Universal suffrage for national elections was introduced to Finland in 1906, and it was extended to local elections in 1917. With the exception of some minor reforms, the original proportional representation system remains unchanged. This system enjoys full public support, for although it favors larger parties slightly, proportional representation allows political participation of small, and even marginal, groups as well.
All Finns over the age of eighteen by the year of an election are eligible to vote. Voting is not compulsory, and, in the 1980s, participation averaged around 80 percent, slightly below the average rate of the Nordic countries.
In the 1980s, the country was divided for national elections into fifteen electoral constituencies, fourteen of which sent between seven and twenty-seven representatives to the Eduskunta, according to their population. The constituency for the Aland Islands sent one. Constituencies corresponded to provinces except that Hame Province and Turku ja Pori Province were each divided into two, and Helsinki formed one electoral district itself. The five southernmost constituencies supplied nearly half of the Eduskunta's delegates. In the early 1980s, one delegate represented about 24,000 Finns.
Candidates for the Eduskunta are almost invariably nominated by a political party, although a 1975 amendment to the election law allows the candidacy of a person sponsored by a minimum of 100 Finns united in an electoral association. Party lists for a constituency contain at least fourteen names--and more for those constituencies with high populations. Since 1978 a secret primary among party members has been required if a party has more candidates than places on its party list. Parties may form electoral alliances with other parties to present their candidates, and they often do so because of lack of resources. This practice partly explains the high number of small parties successfully active in Finnish politics.
Since the introduction of proportional representation in 1906, Finland has used the d'Hondt constituency list system with only slight modifications. Under this system, elections are based on proportionality rather than on plurality, and seats are allotted to parties commensurately with the number of votes polled. Votes go to individual candidates, however, and voters indicate their preferred politician by circling the number assigned to him or to her on their ballots.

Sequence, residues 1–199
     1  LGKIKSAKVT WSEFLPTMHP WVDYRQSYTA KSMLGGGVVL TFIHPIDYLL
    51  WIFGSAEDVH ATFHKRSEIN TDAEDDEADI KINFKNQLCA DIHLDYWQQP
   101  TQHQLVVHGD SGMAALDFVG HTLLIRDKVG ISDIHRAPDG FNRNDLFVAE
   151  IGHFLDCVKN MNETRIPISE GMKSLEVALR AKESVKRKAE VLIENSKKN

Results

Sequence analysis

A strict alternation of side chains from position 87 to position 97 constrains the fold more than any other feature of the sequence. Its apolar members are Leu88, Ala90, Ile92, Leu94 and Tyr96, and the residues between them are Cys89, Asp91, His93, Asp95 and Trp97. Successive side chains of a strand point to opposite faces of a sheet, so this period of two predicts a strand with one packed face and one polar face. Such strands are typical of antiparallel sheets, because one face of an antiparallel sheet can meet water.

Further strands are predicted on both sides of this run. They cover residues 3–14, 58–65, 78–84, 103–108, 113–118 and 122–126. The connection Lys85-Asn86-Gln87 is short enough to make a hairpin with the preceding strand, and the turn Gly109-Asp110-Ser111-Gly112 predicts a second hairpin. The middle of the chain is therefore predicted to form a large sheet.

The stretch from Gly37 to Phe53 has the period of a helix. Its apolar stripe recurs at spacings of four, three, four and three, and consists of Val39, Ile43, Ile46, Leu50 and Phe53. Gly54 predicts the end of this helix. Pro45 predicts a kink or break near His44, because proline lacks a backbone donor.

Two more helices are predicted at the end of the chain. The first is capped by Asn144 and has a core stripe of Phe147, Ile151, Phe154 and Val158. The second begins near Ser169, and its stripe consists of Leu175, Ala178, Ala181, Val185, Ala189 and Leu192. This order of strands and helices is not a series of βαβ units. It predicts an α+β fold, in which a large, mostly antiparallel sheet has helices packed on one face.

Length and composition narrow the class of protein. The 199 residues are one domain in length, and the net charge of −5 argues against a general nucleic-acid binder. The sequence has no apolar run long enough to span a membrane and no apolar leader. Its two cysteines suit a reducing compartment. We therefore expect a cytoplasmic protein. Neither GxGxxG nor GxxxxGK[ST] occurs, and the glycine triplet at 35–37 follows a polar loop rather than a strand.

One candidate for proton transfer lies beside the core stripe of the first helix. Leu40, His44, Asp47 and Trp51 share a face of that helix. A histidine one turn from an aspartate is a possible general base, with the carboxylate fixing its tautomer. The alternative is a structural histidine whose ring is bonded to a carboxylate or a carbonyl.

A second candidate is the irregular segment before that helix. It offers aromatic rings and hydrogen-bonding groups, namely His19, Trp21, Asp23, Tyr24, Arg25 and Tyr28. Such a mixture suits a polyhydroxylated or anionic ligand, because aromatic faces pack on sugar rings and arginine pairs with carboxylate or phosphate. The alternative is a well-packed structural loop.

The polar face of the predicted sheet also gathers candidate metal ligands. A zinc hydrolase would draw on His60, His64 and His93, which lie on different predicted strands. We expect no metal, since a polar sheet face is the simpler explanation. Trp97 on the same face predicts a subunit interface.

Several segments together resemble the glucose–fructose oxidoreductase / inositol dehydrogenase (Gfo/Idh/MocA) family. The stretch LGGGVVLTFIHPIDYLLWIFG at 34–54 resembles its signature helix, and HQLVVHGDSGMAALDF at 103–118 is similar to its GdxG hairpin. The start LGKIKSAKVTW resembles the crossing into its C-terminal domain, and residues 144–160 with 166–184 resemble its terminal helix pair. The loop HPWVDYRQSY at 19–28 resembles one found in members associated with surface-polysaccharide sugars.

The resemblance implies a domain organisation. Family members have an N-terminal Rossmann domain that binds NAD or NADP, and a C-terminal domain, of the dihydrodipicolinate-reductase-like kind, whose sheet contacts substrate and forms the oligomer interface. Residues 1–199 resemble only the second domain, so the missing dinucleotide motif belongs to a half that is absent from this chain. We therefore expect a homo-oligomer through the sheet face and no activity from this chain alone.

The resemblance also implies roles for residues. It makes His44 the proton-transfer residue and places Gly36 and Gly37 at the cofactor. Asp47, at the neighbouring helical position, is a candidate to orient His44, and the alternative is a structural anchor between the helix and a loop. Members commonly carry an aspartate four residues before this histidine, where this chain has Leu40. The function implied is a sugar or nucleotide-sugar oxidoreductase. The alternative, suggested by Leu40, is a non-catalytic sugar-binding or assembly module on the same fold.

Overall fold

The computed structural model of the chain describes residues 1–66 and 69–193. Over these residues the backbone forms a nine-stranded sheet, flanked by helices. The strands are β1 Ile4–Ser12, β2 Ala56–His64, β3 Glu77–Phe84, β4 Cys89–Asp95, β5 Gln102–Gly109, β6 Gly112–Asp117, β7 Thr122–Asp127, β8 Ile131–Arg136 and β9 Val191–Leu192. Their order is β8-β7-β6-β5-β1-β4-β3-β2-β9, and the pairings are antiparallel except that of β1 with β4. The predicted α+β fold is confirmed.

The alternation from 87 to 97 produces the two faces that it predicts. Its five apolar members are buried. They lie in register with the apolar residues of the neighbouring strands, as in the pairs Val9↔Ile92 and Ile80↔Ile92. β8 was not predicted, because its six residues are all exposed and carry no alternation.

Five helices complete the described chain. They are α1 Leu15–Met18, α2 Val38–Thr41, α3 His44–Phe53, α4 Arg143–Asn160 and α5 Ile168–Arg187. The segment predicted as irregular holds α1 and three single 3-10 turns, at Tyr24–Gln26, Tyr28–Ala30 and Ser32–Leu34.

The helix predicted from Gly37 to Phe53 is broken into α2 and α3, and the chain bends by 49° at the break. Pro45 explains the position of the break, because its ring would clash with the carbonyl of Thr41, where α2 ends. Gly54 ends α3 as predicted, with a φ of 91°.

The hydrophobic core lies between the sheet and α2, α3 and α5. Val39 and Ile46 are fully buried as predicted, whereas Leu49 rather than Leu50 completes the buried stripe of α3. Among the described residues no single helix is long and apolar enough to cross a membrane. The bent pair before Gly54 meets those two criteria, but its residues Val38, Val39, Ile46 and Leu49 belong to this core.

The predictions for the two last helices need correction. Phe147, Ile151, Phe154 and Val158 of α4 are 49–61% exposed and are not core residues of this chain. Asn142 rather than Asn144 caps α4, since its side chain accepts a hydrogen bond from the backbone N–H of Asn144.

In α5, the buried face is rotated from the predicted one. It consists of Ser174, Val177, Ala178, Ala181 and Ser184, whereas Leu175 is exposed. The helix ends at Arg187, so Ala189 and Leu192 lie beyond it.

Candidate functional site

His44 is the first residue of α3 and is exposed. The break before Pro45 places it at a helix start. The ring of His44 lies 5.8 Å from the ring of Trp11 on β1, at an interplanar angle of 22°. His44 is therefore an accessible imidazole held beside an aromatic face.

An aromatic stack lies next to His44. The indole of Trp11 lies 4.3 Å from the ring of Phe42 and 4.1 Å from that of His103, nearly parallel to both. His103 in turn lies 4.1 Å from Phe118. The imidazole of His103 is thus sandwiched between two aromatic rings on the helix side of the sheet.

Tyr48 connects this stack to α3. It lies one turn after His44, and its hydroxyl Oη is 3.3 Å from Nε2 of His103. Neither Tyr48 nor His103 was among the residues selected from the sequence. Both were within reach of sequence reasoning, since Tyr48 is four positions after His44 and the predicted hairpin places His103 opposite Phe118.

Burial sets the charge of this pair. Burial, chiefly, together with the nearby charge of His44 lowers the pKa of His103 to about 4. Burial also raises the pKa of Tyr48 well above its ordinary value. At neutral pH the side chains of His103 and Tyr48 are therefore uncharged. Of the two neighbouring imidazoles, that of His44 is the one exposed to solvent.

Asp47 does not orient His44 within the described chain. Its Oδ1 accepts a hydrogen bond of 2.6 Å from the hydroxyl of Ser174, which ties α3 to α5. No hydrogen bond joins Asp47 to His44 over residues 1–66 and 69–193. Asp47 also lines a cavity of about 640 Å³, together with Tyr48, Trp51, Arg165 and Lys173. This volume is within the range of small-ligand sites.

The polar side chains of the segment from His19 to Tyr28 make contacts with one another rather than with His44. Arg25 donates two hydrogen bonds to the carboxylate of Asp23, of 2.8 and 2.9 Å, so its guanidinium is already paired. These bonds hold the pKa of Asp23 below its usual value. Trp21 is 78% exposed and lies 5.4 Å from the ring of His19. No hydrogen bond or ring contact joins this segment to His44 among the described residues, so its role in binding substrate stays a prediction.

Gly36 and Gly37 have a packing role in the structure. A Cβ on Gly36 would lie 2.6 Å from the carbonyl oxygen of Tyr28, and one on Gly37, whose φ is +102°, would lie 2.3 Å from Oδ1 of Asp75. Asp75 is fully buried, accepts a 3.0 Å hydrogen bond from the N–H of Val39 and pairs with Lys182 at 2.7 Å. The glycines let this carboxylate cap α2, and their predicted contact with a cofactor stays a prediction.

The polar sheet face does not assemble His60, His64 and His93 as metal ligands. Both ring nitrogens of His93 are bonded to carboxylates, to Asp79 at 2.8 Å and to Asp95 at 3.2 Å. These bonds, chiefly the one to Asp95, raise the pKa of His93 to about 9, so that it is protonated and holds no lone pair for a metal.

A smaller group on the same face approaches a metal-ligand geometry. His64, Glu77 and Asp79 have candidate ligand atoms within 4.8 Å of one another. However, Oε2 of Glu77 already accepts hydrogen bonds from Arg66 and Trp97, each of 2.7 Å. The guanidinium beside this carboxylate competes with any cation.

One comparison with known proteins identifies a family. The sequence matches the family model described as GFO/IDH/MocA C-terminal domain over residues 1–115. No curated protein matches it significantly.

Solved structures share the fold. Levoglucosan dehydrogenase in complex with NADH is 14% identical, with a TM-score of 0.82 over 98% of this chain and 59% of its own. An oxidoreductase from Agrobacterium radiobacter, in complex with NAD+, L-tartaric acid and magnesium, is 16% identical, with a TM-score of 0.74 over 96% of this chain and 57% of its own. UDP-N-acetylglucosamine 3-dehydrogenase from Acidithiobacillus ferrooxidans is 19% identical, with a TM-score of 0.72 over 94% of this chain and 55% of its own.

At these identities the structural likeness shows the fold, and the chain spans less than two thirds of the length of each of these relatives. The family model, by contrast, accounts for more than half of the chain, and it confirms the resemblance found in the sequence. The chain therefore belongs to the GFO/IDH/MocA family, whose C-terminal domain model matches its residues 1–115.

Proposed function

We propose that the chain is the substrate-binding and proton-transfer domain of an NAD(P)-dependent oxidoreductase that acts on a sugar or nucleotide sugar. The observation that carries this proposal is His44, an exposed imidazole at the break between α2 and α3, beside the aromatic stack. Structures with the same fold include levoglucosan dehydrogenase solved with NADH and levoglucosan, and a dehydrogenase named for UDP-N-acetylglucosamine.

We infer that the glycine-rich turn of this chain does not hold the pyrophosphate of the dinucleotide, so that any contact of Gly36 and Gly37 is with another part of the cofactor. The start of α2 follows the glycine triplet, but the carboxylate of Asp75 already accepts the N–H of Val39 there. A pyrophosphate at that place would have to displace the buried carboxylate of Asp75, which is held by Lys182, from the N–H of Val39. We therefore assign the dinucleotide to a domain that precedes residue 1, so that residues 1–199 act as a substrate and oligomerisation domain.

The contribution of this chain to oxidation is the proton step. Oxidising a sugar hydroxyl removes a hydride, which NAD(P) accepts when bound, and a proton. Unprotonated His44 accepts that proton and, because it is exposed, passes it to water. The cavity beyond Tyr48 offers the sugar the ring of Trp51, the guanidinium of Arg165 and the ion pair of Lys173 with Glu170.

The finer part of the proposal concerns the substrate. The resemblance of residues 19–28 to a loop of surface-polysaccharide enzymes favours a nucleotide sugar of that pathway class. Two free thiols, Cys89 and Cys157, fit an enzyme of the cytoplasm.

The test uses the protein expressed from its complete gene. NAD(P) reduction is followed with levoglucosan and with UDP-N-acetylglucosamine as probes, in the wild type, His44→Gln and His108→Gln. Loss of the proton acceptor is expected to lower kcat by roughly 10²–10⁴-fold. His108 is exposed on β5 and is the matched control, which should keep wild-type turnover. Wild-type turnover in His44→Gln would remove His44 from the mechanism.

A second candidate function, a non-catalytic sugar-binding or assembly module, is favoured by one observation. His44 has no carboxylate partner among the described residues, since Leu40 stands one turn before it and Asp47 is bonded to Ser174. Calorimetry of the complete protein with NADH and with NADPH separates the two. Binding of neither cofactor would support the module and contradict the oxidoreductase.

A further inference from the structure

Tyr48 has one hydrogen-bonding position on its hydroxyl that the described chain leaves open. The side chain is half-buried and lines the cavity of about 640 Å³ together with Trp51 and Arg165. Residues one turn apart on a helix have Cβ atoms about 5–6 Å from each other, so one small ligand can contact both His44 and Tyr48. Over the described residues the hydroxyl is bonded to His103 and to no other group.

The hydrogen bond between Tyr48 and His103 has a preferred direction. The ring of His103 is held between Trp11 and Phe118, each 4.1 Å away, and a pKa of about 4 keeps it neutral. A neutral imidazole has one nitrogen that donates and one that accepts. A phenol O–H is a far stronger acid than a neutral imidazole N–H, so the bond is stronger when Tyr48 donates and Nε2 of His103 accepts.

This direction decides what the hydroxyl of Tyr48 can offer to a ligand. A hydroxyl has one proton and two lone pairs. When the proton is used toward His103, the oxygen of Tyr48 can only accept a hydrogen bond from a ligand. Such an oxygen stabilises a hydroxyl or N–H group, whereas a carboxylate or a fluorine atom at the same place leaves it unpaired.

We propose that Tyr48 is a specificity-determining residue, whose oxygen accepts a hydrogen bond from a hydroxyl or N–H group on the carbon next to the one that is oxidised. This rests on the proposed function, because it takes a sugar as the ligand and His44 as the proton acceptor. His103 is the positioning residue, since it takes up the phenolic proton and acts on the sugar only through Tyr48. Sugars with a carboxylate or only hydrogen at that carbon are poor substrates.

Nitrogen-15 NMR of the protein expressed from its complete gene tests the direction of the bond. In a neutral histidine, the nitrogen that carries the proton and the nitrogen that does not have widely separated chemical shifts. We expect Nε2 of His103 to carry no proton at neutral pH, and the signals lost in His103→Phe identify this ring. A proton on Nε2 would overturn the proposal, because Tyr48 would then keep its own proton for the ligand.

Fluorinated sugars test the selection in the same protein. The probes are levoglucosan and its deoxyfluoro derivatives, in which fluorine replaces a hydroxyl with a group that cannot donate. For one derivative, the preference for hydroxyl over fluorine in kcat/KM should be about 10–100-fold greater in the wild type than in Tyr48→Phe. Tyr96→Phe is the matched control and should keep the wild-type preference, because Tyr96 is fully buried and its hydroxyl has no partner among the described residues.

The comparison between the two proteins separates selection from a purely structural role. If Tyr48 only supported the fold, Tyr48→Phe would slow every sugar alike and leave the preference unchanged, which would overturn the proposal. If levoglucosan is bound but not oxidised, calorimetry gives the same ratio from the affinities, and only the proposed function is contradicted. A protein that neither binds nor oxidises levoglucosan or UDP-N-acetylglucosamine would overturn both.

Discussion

The Finnish system is distributive in several ways. There is no electoral threshold, such as the Swedish requirement that a party receive at least 4 percent of the votes in order to sit in parliament. In Finland it was feared that a threshold requirement might deprive the Swedish-speaking minority of seats in the Eduskunta. The Finnish system also favors parties with a pronounced support in certain areas, rather than those with a thin nationwide presence. Parties are not obliged to contest Eduskunta elections in every constituency. The practice of voting for an individual candidate rather than for a party means that voters can register their dissatisfaction with a party's policy or leadership by voting for one of its junior candidates. This characteristic of the Finnish system means that no candidate, no matter how senior or renowned, is assured election.
Elections for the 200-seat Eduskunta are held every four years in March, except when the president has dissolved the body and has called for an early election. Municipal elections take place every four years in October.
The presidential election occurs every six years in the month of January. Beginning with the 1988 election, it is to be carried out on the basis of direct universal suffrage. If none of the candidates receives more than half of the votes, 301 electors, chosen in the same election, choose the next head of state. Although pledged in the campaign to particular presidential candidates, members of the electoral college have the right to vote in the body's secret ballots for any candidate who has won at least one elector. If no candidate secures a majority of the college in the first two ballots, one of the two candidates who has received the most support on the second ballot will be elected president in the third and final vote. By the late 1980s, there was serious discussion of doing away with the electoral college completely and making the president's election dependent on a direct vote with no majority required.
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